Investigators are struggling to identify the Bulgaria suicide bomber who killed seven people (including himself) on Wednesday and witness reports contrast autopsy results.Bulgarian Interior Minister Tsvetan Tsvetanov – who is leading the investigation – told Haaretz that the identity of the attacker is still unclear, noting that the bomber had never been to Guantánamo Bay and “there is no proof that he was sent by Hezbollah.”
The day after the attack Bulgarian media reported that former Guantánamo detainee Mehdi Ghezali was the bomber.
Two other American officials and a senior Israeli official “confirmed” that Hezbollah was behind the bombing, according to the New York Times. but the officials declined to specific intelligence that linked Hezbollah to the attack that killed five Israelis.
Airport security footage showed the primary suspect as a Caucasian man dressed like a tourist who had a fake Michigan licence – by the name of Jacque Felipe Martin of Baton Rouge, La. – and a U.S. passport.
She described the suspect as having dark skin, short brown hair and speaking English with an Arabic accent. She added that he had a lot of money in 500-euro notes and appeared to be upset.
On Friday AP reported that prosecutors cited witness reports that the suspect had dark eyes and said they believe the man to be short-haired, but that they were unclear whether he was wearing a wig or had a haircut after the footage was taken.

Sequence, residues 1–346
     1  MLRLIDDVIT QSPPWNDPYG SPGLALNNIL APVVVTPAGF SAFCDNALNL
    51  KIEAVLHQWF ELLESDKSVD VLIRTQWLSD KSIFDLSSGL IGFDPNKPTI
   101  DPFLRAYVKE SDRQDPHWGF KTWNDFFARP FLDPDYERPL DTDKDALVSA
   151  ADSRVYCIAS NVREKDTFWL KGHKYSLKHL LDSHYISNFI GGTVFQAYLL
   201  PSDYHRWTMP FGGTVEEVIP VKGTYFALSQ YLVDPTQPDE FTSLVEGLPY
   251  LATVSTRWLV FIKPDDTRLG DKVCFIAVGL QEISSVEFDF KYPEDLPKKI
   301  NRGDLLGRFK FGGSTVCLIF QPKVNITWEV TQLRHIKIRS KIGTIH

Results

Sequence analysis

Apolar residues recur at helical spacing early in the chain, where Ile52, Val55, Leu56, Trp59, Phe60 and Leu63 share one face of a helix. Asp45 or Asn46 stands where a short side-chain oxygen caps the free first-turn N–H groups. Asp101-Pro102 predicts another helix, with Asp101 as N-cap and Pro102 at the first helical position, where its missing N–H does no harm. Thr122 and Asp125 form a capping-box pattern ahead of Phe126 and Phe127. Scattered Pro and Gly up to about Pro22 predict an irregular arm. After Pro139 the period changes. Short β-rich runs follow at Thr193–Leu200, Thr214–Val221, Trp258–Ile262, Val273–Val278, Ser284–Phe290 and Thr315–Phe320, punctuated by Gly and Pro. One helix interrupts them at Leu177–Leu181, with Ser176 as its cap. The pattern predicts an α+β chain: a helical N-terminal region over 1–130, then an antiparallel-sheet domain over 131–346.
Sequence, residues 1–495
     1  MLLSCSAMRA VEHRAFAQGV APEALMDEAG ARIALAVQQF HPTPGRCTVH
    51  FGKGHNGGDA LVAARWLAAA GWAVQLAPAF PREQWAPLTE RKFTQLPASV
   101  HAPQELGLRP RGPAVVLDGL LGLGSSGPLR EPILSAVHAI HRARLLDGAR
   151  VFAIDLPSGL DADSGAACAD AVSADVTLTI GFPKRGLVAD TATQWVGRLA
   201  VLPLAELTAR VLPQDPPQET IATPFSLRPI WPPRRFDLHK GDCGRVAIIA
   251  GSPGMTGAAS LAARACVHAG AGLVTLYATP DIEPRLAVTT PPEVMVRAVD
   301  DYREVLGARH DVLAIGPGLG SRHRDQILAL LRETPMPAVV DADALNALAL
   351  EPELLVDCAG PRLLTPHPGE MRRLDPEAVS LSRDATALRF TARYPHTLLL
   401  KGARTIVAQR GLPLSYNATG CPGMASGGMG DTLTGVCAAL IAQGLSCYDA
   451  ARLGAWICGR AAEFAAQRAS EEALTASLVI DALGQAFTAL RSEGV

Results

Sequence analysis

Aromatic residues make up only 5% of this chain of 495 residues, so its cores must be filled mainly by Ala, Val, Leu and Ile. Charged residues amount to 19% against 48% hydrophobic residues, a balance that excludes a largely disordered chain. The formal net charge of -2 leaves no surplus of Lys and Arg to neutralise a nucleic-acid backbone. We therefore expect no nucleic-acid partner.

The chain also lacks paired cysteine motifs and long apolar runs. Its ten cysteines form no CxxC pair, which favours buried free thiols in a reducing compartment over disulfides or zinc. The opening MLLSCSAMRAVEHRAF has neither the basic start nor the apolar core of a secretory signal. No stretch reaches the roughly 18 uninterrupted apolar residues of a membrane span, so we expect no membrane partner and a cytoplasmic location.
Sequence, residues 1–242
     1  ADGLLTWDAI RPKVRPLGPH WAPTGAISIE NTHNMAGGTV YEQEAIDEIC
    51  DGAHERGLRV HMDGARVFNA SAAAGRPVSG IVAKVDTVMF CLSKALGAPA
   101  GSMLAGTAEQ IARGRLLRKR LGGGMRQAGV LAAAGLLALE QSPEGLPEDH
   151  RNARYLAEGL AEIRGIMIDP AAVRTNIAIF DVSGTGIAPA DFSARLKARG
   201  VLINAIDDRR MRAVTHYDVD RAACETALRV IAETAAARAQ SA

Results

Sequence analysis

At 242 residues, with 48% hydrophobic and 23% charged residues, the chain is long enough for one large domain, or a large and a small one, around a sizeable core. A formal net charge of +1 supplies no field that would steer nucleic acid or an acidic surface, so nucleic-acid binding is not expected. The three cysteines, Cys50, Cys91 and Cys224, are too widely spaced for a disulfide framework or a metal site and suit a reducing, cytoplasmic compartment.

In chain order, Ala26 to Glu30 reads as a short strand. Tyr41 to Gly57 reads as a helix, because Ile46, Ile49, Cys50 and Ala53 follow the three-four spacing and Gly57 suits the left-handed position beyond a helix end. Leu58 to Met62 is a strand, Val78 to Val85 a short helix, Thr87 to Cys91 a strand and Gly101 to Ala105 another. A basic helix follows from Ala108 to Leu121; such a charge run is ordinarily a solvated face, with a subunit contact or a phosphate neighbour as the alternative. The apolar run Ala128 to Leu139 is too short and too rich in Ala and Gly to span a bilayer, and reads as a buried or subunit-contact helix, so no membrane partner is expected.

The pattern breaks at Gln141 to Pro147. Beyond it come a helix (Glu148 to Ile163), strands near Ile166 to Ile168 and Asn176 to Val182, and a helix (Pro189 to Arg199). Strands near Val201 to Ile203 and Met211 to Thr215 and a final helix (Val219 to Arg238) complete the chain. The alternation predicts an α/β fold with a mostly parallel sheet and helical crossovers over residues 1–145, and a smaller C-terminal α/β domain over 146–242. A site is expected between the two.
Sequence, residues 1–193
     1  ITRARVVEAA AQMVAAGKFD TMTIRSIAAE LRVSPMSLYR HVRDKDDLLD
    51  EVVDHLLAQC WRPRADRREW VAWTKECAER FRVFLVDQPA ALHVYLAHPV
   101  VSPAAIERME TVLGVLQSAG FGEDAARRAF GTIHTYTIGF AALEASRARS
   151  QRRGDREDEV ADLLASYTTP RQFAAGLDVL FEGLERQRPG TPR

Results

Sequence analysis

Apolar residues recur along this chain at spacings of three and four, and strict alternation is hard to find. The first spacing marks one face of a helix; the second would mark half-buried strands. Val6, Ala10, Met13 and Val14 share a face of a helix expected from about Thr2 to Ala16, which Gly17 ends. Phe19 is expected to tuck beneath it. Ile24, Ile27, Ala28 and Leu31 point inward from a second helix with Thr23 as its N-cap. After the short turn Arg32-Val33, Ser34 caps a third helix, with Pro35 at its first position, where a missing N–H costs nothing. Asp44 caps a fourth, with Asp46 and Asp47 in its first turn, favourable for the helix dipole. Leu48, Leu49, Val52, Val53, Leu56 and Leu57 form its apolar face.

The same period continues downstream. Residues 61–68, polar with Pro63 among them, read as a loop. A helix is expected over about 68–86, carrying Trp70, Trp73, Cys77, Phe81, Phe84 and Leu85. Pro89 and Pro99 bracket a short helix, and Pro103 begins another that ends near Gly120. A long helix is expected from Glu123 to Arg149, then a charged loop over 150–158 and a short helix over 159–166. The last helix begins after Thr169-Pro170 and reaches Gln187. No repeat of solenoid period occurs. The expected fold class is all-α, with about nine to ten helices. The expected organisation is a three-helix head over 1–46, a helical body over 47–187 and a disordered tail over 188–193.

However, a forensic expert who took part in autopsies on the victims and the attacker told Bulgarian National TV that the bomber “had a white face, light eyes, and very thick brown hair.”
The Bulgarian newspaper Troud reported that a taxi driver who said he gave the bomber a ride the day before the attack told unnamed investigators that he spoke “decent Russian.”
The Bulgarian Standard daily reports that Bulgarian police are investigating the involvement of two accomplices.
On Sunday Bulgarian media reported that police were looking for a woman believed to have been staying in a hotel with the bomber.
Troud reported, again citing unnamed investigators, that this woman is also believed to be linked to a possible second man whom police think may have been the bomber’s accomplice.
The Bulgarian Interior Ministry have not substantiated those reports but did say that it’s possible a second person was involved.
Fingerprints and DNA samples from the scene of the bombing are being analysed by Bulgaria, Israel, the U.S., Sweden and Interpol.
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